Last Saturday, Patrick, a teacher at a middle school in Táizhōng visited my school. He has some influence on his school’s curriculum and wanted to investigate a hardcore bŭxíbān to see if there was anything we do that he could adapt for use at his school. I was both impressed and amazed that a teacher would come all the way from Táizhōng to visit Guīshān on his own time. He’s obviously much more dedicated than any of the other English teachers I’ve known who work at Taiwanese schools. It must have been at least a three hour bus ride each way, and I can only hope that what he saw gave him some teaching ideas worthwhile enough to justify such a trip.

From what he said, it sounds like Patrick really has his work cut out for him. Unlike the other classes at his school, the English classes taught by foreign teachers don’t really “count”. Talk about a way to ruin the kids’ motivation. On top of that, the foreign teachers at his school aren’t really allowed to speak Chinese in class. I’m sure that slows down the progress of the kids at the lower levels quite a bit; I’ve been at that kind of school before. Still, he said that the students at his school have 18 hours per week of English language classes if P.E. and drama are included. That’s a whole heck of a lot of input. If they can just make sure that it’s comprehensible and get all of the kids paying attention and interested in class, they should be able to get some pretty phenomenal results. Considering that my school’s bŭxíbān classes are only 4 hours a week, I really doubted that much of our curriculum would be of any use to him. From what he said though, they do have some pretty confused kids at the lower levels who fail to get what they should out of all of those hours of English classes.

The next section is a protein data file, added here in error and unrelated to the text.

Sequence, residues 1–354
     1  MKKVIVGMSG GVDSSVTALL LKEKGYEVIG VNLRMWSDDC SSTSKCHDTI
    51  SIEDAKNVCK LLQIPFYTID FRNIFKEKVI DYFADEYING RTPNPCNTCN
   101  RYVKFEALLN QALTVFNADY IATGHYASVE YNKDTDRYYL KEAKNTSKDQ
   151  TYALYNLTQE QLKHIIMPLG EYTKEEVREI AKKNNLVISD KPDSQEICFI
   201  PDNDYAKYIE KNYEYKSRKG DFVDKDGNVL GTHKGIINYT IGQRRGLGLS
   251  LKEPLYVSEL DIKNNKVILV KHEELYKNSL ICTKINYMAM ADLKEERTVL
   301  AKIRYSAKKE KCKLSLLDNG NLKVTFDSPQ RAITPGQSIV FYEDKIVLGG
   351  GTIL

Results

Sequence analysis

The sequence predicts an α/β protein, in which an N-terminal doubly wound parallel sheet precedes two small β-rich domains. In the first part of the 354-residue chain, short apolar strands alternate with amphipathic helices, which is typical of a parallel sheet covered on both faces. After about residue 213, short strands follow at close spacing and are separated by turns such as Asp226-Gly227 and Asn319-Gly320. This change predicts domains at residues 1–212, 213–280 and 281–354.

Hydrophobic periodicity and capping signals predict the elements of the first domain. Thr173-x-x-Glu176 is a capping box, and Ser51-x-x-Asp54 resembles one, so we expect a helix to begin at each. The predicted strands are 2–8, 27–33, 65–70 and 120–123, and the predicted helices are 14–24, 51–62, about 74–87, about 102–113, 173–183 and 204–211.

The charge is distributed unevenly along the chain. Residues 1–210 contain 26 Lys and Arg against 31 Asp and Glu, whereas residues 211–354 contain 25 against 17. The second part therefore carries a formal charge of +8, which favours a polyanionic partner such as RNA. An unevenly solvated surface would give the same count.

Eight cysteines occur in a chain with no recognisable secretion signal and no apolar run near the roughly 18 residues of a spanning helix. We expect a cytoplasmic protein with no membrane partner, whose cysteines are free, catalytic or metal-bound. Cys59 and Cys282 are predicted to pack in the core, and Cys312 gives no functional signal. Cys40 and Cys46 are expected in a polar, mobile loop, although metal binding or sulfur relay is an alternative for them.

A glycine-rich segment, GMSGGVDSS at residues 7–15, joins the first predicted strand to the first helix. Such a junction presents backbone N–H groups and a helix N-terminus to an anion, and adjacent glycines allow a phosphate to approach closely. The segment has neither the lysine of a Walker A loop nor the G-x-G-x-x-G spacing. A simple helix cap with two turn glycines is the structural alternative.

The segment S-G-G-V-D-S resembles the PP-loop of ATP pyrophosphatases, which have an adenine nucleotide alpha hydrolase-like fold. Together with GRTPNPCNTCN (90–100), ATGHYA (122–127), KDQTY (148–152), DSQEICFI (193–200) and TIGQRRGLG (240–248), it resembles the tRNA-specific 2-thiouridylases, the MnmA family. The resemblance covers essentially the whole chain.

While I can’t say for sure what will be useful and what won’t, I hope he gets something out of it to justify the long trip. It was sure a nice thing for me that he came up to visit. It’s always nice to meet interesting people, and people who care about their work. Another thing that I’m really happy about is that he was able to film some of one of my classes on his super-uber-duper cell phone. The resolution and overall quality are far better than that of the DVDs with the cameras built into our classrooms. Once I get a copy from him, I can convert it to an FLV file and stream it from this site. Then, all of my family and friends back home can finally see what it is I’ve been doing out here in Taiwan these past few years.